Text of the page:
Monday, July 11, 2005

Music as a film's DNA

In jazz, all great musicians have a unique style that one can recognise just by listening to a few notes of a tune: Miles Davis, Stan Getz, Bill Evans, Wayne Shorter or Herbie Hancock... They've got a signature.



It's the same for Ennio Morricone. His style is absolutely unique and immediately recognisable in a million. Despite him responsible for more than 400 scores in the 60s - 70s, each of them is very faithful to the very idea of the film it was composed for, reflecting it in an effortless manner.

Listen to a score from Morricone: it first sounds very orchestral, very rich and complex. Now listen to it more carefully, you'll soon discover that its backbone is in fact extremely simple: usually 3 or 4 core chromatic notes on which Ennio Morricone builds endless variations, which unveil their amazingly evocative power.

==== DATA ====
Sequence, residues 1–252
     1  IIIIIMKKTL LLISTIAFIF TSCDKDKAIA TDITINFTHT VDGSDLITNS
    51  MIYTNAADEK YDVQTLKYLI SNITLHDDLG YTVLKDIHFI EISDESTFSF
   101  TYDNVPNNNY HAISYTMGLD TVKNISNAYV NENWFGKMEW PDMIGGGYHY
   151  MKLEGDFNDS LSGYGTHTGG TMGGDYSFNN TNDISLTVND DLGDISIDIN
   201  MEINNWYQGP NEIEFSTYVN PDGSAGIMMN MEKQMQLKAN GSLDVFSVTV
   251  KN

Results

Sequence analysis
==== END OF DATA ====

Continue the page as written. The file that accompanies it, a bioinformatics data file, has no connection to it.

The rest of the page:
These 3 or 4 key notes manage, as if by magic, to unlock the film's core idea and its singular atmosphere. Images immediately spring to mind. Whether you've seen the movie or not, they open the theatre for you.

Morricone's unique combinations of notes are like the DNA of the films they were composed for.

A concrete example is the role of the music in "Short night of the glass dolls", which I talked about here.
More from this blog about Morricone here and about his favourite female singer Edda dell'Orso there.


For the giallo amateur, the "Mondo Morricone" compilations are an absolute must-have: Mondo Morricone, More Mondo Morricone and Molto Mondo Morricone.

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